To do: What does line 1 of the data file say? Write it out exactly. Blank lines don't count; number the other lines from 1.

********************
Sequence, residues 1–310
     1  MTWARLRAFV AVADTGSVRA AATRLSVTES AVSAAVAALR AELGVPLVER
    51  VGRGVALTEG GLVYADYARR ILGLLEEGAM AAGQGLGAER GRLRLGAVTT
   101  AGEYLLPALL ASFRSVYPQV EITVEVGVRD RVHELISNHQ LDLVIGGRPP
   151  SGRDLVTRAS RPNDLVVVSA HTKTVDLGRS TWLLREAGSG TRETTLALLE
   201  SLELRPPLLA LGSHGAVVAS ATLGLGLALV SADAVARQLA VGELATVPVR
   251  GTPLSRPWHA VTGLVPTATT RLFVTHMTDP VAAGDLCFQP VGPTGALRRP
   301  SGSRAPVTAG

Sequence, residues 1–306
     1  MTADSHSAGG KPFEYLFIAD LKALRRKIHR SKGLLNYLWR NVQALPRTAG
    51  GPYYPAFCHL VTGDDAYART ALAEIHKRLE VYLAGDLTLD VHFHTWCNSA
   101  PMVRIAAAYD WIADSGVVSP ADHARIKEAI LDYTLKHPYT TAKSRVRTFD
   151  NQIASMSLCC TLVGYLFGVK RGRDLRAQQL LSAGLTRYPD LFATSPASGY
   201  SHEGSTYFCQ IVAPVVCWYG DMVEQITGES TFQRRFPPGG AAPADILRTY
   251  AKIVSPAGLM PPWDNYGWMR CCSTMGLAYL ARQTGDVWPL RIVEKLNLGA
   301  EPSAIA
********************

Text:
Sequence, residues 1–310